telomere

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tel·o·mere

 (tĕl′ə-mîr′, tē′lə-)
n.
Either of the sections of DNA occurring at the ends of a chromosome.

telomere

(ˈtɛləˌmɪə)
n
(Genetics) genetics either of the ends of a chromosome
[C20: from Greek telos end + meros part]

tel•o•mere

(ˈtɛl əˌmɪər, ˈti lə-)
n.
the segment of DNA that occurs at the ends of chromosomes.
[1935–40]
ThesaurusAntonymsRelated WordsSynonymsLegend:
Noun1.telomere - either (free) end of a eukaryotic chromosome; "telomeres act as caps to keep the sticky ends of chromosomes from randomly clumping together"
chromosome - a threadlike strand of DNA in the cell nucleus that carries the genes in a linear order; "humans have 22 chromosome pairs plus two sex chromosomes"
end, terminal - either extremity of something that has length; "the end of the pier"; "she knotted the end of the thread"; "they rode to the end of the line"; "the terminals of the anterior arches of the fornix"
Translations
References in periodicals archive ?
A study conducted before and after the 2004 closure of a coal-burning power plant in Tongliang, China, found children born before the closure had shorter telomeres than those conceived and born after the plant stopped polluting the air, Medicalxpress reported.
Investigators from the Perelman School of Medicine at the University of Pennsylvania found that stem cells in the muscles of muscular dystrophy patients may, at an early age, lose their ability to regenerate new muscle, due to shortened telomeres.
A team of University of Pittsburgh researchers uncovered new details about the biology of telomeres, "caps" of DNA that protect the tips of chromosomes and play key roles in a number of health conditions, including cancer, inflammation and aging.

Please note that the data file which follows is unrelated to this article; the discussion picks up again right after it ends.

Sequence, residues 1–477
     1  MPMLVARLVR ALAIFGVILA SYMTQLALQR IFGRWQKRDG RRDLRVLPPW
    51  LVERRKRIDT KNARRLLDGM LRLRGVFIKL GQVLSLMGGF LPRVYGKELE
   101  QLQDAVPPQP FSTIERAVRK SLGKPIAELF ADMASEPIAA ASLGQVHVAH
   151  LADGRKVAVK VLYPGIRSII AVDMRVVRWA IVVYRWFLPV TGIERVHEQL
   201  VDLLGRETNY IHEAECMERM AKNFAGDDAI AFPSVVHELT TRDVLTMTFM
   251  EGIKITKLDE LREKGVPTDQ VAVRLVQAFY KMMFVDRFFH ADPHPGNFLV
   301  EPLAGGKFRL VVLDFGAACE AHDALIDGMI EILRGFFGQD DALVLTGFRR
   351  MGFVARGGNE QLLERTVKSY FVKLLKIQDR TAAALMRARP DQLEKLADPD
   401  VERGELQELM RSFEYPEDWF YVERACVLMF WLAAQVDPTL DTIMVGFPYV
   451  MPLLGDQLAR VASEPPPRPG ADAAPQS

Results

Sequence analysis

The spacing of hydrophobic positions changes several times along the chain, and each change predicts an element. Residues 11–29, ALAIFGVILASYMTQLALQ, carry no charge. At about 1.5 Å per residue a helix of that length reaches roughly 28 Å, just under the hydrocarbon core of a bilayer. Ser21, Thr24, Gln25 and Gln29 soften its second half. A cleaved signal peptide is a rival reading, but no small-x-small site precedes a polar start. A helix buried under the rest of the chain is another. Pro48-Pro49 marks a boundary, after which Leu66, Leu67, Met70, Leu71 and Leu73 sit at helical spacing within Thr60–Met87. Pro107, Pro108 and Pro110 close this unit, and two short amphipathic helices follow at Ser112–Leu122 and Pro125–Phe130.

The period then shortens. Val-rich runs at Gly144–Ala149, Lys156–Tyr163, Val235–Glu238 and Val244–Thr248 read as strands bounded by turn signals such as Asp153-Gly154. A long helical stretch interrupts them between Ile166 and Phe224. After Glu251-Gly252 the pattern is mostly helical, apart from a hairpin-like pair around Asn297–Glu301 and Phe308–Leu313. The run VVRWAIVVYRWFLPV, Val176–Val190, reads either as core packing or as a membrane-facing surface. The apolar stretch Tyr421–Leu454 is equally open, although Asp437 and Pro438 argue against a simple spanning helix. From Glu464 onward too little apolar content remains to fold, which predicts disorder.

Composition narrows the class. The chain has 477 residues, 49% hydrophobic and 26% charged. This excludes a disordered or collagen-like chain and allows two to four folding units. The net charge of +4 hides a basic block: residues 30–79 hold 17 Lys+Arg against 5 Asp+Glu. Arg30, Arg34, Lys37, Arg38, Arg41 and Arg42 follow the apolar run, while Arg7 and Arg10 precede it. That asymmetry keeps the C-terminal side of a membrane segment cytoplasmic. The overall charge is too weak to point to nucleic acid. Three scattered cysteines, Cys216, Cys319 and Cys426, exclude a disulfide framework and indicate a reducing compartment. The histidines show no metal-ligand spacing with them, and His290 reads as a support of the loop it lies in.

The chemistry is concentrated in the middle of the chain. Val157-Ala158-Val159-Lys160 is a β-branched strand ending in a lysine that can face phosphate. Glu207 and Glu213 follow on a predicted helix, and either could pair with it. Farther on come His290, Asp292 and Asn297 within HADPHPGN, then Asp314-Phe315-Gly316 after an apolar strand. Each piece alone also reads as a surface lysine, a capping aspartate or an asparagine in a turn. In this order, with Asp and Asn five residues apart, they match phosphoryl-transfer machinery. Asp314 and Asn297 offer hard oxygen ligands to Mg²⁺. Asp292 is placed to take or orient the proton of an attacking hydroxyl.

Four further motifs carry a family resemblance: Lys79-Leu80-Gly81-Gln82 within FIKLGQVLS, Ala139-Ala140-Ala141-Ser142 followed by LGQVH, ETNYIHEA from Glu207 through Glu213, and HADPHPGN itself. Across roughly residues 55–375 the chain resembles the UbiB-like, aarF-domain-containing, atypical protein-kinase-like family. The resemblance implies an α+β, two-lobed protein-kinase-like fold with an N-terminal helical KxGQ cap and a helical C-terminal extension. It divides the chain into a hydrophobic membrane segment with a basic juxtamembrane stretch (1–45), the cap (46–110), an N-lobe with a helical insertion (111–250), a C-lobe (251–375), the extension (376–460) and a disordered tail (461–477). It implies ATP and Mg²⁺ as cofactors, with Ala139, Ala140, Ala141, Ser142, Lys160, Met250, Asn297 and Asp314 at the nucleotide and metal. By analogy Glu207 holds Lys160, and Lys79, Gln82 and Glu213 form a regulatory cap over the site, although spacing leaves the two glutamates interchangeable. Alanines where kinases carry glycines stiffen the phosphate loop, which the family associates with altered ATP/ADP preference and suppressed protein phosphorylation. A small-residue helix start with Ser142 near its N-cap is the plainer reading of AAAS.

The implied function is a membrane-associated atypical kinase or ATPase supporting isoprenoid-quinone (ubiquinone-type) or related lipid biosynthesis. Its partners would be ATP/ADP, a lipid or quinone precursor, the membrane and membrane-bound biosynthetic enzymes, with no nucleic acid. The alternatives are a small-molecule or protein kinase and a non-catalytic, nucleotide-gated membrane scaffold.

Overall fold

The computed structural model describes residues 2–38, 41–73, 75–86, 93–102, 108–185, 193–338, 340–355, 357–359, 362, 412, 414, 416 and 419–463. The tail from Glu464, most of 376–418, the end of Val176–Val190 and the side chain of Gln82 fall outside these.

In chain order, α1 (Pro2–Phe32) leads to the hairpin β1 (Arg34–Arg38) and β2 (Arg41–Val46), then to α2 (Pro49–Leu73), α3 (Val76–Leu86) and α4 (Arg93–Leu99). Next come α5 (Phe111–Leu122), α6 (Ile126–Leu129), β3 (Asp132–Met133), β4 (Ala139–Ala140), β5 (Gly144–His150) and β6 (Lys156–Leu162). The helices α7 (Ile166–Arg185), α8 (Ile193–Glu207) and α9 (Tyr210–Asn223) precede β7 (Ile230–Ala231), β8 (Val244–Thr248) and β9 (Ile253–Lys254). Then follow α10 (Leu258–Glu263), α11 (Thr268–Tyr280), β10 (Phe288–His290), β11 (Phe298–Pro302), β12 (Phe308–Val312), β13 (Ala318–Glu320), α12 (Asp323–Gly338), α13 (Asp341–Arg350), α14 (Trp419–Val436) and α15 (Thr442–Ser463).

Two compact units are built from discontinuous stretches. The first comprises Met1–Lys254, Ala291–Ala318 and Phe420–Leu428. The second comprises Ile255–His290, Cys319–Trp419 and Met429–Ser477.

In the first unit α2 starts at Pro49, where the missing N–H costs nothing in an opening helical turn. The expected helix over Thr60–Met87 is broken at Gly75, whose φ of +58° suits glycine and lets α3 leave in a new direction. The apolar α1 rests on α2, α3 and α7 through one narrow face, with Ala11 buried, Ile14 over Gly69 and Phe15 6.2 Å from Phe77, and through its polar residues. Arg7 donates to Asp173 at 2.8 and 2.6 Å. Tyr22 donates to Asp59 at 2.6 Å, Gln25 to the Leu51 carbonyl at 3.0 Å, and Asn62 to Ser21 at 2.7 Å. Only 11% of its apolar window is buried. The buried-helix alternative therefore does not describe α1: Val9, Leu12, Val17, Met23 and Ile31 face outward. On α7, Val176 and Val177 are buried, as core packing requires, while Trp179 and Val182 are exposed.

Telomeres, composed of repeated sequences of DNA, are shortened every time a cell divides and therefore become smaller as a person ages.
According to a study from Japan, alcohol can damage telomeres, the protective ends of our DNA; shortened telomeres are linked to cellular aging, and could also raise your risk for certain diseases.
A team of researchers led by Dr Dennis Kappei, a Special Fellow from the Cancer Science Institute of Singapore (CSI Singapore) at the National University of Singapore (NUS), has discovered the role of the protein ZBTB48 in regulating both telomeres and mitochondria, which are key players involved in cellular ageing.
Researchers from Cardiff University's School of Medicine showed that measuring sections of DNA called telomeres is a highly accurate indicator of how disease will progress in patients with the bone marrow cancer myeloma and pre-leukaemia myelodysplastic syndromes (MDS) - a bone marrow disorder often leading to life-threatening bone marrow failure and even acute myeloid leukaemia (AML).
The researchers assessed the relationship between polycyclic aromatic hydrocarbons (PAHs), a "ubiquitous" air pollutant caused by motor vehicle exhaust; and shortening of telomeres, a type of DNA damage typically associated with aging.
The study finds that people who have consistently high levels of physical activity have obviously longer telomeres than those who have sedentary lifestyles, as well as those who are moderately active.
If you want to live longer, take good care of your telomeres," the Washington Post told readers earlier this year.
Shorter telomeres have been associated with an increased risk of cardiovascular disease and other age-related conditions.
Scientists think that shorter telomeres are a sign of shorter lifespan.

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